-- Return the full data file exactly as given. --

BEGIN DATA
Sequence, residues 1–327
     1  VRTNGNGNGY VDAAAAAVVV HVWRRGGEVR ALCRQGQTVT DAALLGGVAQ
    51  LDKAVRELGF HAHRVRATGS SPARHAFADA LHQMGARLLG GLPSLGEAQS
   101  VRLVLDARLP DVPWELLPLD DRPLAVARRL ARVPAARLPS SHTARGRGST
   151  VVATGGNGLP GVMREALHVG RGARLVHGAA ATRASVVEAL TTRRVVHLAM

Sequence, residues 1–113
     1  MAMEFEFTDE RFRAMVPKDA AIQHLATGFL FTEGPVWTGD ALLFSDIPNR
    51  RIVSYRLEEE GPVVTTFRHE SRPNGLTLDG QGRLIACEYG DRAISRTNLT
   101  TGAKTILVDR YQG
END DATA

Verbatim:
Sequence, residues 1–327
     1  VRTNGNGNGY VDAAAAAVVV HVWRRGGEVR ALCRQGQTVT DAALLGGVAQ
    51  LDKAVRELGF HAHRVRATGS SPARHAFADA LHQMGARLLG GLPSLGEAQS
   101  VRLVLDARLP DVPWELLPLD DRPLAVARRL ARVPAARLPS SHTARGRGST
   151  VVATGGNGLP GVMREALHVG RGARLVHGAA ATRASVVEAL TTRRVVHLAM

Sequence, residues 1–113
     1  MAMEFEFTDE RFRAMVPKDA AIQHLATGFL FTEGPVWTGD ALLFSDIPNR
    51  RIVSYRLEEE GPVVTTFRHE SRPNGLTLDG QGRLIACEYG DRAISRTNLT
   101  TGAKTILVDR YQG